I often find myself when I'm reviewing images saying things like "you know, that looks a bit like ...." I'm sure that I'm not unique in this and, in my case, it probably betrays a life-long frustration at my inability to paint anything other than a skirting board. However, these four images (amongst many others) struck me as being reminiscent of the work of some of the artists near to my heart, in this case Bonnard, Monet, Klimt and Kandisnky. I would more
We've done a fair bit of camera comparing in On Landscape and one of the things that causes a lot of confusion is how to work out equivalent focal lengths, depth of field, apertures and exposure is the part that sensor size plays in the equation. We've talked about them a little bit in previous articles but thought it would be good to cover things in little more detail. This should also help any of you that use crop more
Sheepfolds occur in all areas of upland Britain. They are known locally by different names and vary in construction from region to region. The type that have inspired me, known as stells, are common in the Border and Southern Upland areas of Scotland and are mostly circular, though I have come across square, and more unusually five- six- and even seven sided examples. The only other regions where I have seen circular folds are Perthshire, Sutherland and what appears more
The intent of many landscape photographers is to make an image of somewhere extraordinary; mine is to reveal the extraordinary in seemingly mundane wild places. more
With the rise in camera megapixels we inevitably begin to see the effects of diffraction as our prints get bigger and bigger. Many photographers have started to use techniques such as focus stacking to get the sorts of depth of field required while using sharper apertures such as f/5.6-f/11 but many photographers are also moving to perspective control or tilt shift lenses that allow the photographer to choose where to place the plane of focus, quite often setting the more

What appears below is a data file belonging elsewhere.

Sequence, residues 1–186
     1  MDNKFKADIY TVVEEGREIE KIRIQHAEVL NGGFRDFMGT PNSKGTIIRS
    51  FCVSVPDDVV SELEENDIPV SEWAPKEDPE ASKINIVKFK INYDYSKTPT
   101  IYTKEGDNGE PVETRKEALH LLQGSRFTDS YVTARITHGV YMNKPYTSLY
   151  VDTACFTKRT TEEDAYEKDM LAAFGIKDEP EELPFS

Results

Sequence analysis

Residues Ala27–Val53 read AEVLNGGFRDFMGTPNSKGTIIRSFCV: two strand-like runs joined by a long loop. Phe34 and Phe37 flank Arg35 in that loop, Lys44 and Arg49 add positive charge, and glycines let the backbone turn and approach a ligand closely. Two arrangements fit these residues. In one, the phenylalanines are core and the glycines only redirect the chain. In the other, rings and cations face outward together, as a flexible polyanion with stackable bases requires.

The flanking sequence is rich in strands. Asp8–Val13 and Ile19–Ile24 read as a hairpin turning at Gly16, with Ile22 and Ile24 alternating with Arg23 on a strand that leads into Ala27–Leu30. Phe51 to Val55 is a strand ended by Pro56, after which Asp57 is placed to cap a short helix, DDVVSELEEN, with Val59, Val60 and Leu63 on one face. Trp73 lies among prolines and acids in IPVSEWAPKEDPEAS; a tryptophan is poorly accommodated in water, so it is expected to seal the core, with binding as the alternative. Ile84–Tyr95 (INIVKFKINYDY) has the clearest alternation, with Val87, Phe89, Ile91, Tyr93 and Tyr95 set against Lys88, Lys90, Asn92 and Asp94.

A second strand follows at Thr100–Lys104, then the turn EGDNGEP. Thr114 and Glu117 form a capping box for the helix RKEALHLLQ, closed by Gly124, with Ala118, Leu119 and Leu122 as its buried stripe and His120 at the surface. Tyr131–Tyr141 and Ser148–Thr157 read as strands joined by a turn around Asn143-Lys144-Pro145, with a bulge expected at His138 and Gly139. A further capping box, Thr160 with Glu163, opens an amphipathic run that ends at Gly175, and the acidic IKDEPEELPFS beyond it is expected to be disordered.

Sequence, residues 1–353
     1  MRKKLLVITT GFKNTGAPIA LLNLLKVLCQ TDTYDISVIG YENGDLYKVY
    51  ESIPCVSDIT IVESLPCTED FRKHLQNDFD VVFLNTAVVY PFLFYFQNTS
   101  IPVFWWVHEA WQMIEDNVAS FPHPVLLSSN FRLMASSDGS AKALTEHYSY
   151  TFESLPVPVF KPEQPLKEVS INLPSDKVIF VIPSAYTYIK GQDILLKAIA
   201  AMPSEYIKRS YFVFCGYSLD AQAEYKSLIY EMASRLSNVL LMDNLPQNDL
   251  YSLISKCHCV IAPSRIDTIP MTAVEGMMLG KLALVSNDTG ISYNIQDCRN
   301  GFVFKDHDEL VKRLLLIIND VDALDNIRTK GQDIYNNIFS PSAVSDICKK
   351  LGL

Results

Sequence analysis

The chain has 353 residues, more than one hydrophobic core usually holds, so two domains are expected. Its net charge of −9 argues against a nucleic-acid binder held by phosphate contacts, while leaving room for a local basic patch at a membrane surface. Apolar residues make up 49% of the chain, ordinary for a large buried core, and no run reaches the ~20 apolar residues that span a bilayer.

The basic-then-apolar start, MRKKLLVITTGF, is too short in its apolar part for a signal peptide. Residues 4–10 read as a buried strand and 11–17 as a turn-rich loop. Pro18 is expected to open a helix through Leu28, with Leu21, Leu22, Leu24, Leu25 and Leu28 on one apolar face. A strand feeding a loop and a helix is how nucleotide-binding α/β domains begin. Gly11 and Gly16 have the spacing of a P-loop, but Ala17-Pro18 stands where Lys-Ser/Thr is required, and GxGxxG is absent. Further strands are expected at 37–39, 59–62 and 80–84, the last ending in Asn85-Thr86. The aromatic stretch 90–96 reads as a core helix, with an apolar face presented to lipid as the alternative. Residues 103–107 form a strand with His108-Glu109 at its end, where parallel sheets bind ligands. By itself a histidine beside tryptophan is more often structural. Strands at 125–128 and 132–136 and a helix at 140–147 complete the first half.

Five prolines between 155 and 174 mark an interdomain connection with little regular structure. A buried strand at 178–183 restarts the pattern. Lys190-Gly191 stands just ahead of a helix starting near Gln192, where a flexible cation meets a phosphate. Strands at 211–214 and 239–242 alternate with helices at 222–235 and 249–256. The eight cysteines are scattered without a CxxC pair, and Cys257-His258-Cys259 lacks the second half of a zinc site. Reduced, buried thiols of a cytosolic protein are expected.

Joe Cornish’s Questions "I've noted that you use the 645DF+ in the very inspiring films made for Phase One. I was kind of expecting to see more of the Linhof . After you moved to digital have you changed your shooting style to use less view camera movements in your picture-making than you did when using the 4x5" - Anders Torgers Absolutely not! The Techno is still my main camera. Phase One, of more
The government in its infinite wisdom have recently applied for and receive royal assent for the "Enterprise and Regulatory Reform Act" which amongst other things has a couple of items that have a significant impact for photographers. The first is related to large rights collecting organisations e.g. the copyright equivalent to the PRS society. These may have an impact but for this article we'll be skipping past them. The more
Can you tell me a little about your education, childhood passions, early exposure to photography and vocation? I have always enjoyed photography especially at a young age on holiday using my compact camera to take photos of anything that inspired me. It never occurred to me that I could have it as a career until much later on. I have always been passionate about art, mostly drawing and painting and more